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QuickView for Imipramine (compound)

Name: Imipramine
PubChem Compound ID: 25379
Description: The prototypical tricyclic antidepressant. It has been used in major depression, dysthymia, bipolar depression, attention-deficit disorders, agoraphobia, and panic disorders. It has less sedative effect than some other members of this therapeutic group.
Molecular formula: C20H26ClN
Molecular weight: 315.88 g/mol
CHEBI:5882; LU 3-070; Antideprin hydrochloride; N,N-Dimethyl-10,11-dihydro-5H-dibenzo(a,d)cycloheptene-5-propylamine hydrochloride; 10563-68-5; VUFB2793; 3-(10,11-dihydro-5H-dibenzo[b,f]azepin-5-yl)-N,N-dimethylpropan-1-amine hydrochloride; Imipramine hydrochloride; 5H-DIBENZO(a,d)CYCLOHEPTENE-5-PROPYLAMINE, 10,11-DIHYDRO-N,N-DIMETHYL-, HYDROCHL; 5H-Dibenzo(a,d)cycloheptene-5-propylamine, 10,11-dihydro-N,N-dimethyl-, hydrochloride.
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Name: Imipramine
Name (isomeric): DB00458
Drug Type: small molecule
Description: The prototypical tricyclic antidepressant. It has been used in major depression, dysthymia, bipolar depression, attention-deficit disorders, agoraphobia, and panic disorders. It has less sedative effect than some other members of this therapeutic group.
Brand: Surplix, Prazepine, Tipramine, Presamine, Psychoforin, Intalpram, Iramil, Janimine, Antideprin, Imiprin, Tofranil-PM (imipramine pamoate), Sk-Pramine, Timolet, Melipramine, Impramine, Censtin, Imipramina, DPID, Censtim, Nelipramin, Eupramin, Tofraniln A, Imavate, Berkomine, Dynaprin, Norfranil, Trimipramine Maleate, Dyna-Zina, Imipramine Hcl, IM, Pramine, Dimipressin, Imidobenzyle, Imizin, Irmin, Imizine, Promiben, Estraldine, Imizinum, Declomipramine, Melipramin, Tofranil, Base
Category: Norepinephrine-Reuptake Inhibitors, Adrenergic Uptake Inhibitors, Antidepressive Agents, Tricyclic
CAS number: 50-49-7
Indication: For the relief of symptoms of depression and as temporary adjunctive therapy in reducing enuresis in children aged 6 years and older. May also be used to manage panic disorders, with or without agoraphobia, as a second line agent in ADHD, management of eating disorders, for short-term management of acute depressive episodes in bipolar disorder and schizophrenia, and for symptomatic treatment of postherpetic neuralgia.
Imipramine is a tricyclic antidepressant with general pharmacological properties similar to those of structurally related tricyclic antidepressant drugs such as amitriptyline and doxepin. A tertiary amine, imipramine inhibits the reuptake of serotonin more so than most secondary amine tricyclics, meaning that it blocks the reuptake of neurotransmit...
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Mechanism of Action:
Imipramine works by inhibiting the neuronal reuptake of the neurotransmitters norepinephrine and serotonin. It binds the sodium-dependent serotonin transporter and sodium-dependent norepinephrine transporter preventing or reducing the reuptake of norepinephrine and serotonin by nerve cells. Depression has been linked to a lack of stimulation of the...
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Absorption: Rapidly and well absorbed after oral administration. Bioavailability is approximately 43%. Peak plasma concentrations usually attained 1 - 2 hours following oral administration. Absorption is unaffected by food.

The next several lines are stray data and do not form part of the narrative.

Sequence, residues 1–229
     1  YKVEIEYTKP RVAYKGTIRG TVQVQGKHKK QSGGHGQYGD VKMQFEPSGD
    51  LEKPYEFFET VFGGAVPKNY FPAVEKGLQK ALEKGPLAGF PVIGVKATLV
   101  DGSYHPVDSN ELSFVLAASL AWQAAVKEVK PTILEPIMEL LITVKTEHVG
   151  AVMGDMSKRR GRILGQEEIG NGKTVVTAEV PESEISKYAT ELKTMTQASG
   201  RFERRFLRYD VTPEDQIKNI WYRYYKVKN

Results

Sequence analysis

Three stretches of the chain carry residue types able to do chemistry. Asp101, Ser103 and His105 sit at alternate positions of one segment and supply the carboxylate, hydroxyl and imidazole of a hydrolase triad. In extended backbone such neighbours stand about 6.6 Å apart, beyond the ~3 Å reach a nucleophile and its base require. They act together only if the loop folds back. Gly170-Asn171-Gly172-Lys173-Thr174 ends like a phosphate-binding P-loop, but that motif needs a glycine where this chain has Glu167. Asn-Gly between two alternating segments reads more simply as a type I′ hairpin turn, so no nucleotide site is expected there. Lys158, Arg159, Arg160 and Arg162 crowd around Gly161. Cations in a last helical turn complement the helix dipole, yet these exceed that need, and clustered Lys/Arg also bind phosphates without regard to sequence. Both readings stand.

Protein binding: 60-95%
Biotransformation: Exclusively metabolized by the liver. Imipramine is converted in the liver by various CYP isoenzymes (e.g. CYP1A2, CYP2D6, CYP3A4, CYP2C9) to active metabolites desipramine and 2-hydroxydesipramine.
Route of elimination: Approximately 40% of an orally administered dose is eliminated in urine within 24 hours, 70% in 72 hours. Small amounts are eliminated in feces via the biliary elimination.
Half Life: Imipramine - 8-20 hours; Desipramine (active metabolite) - up to 125 hours
Toxicity: Oral, rat LD50: 355 to 682 mg/kg. Toxic signs proceed progressively from depression, irregular respiration and ataxia to convulsions and death. Antagonism of the histamine H1 and α1 receptors can lead to sedation and hypotension. Antimuscarinic and anticholinergic side effects such as blurred vision, dry mouth, constipation and urine retention may occur. Cardiotoxicity may occur with high doses of imipramine. Cardiovascular side effects in postural hypotension, tachycardia, hypertension, ECG changes and congestive heart failure. Psychotoxic effects include impaired memory and delirium. Induction of hypomanic or manic episodes may occur in patients with a history of bipolar disorder. Withdrawal symptoms include GI disturbances (e.g. nausea, vomiting, abdominal pain, diarrhea), anxiety, insomnia, nervousness, headache and malaise.
Affected organisms: Humans and other mammals
Food interaction:
Avoid St.John's Wort.
Avoid alcohol.
Avoid excessive quantities of coffee or tea (caffeine).
Do not take fibers at the same time.
Take with food.
Drug interaction:
GrepafloxacinIncreased risk of cardiotoxicity and arrhythmias
TacrineThe therapeutic effects of the central acetylcholinesterase inhibitor, Tacrine, and/or the anticholinergic, Imipramine, may be reduced due to antagonism. The interaction may be beneficial when the anticholinergic action is a side effect. Monitor for decreased efficacy of both agents.
DuloxetinePossible increase in the levels of this agent when used with duloxetine
RifabutinThe rifamycin, rifabutin, may decrease the effect of the tricyclic antidepressant, imipramine, by increasing its metabolism. Monitor for changes in the therapeutic and adverse effects of imipramine if rifabutin is initiated, discontinued or dose changed.
SparfloxacinIncreased risk of cardiotoxicity and arrhythmias
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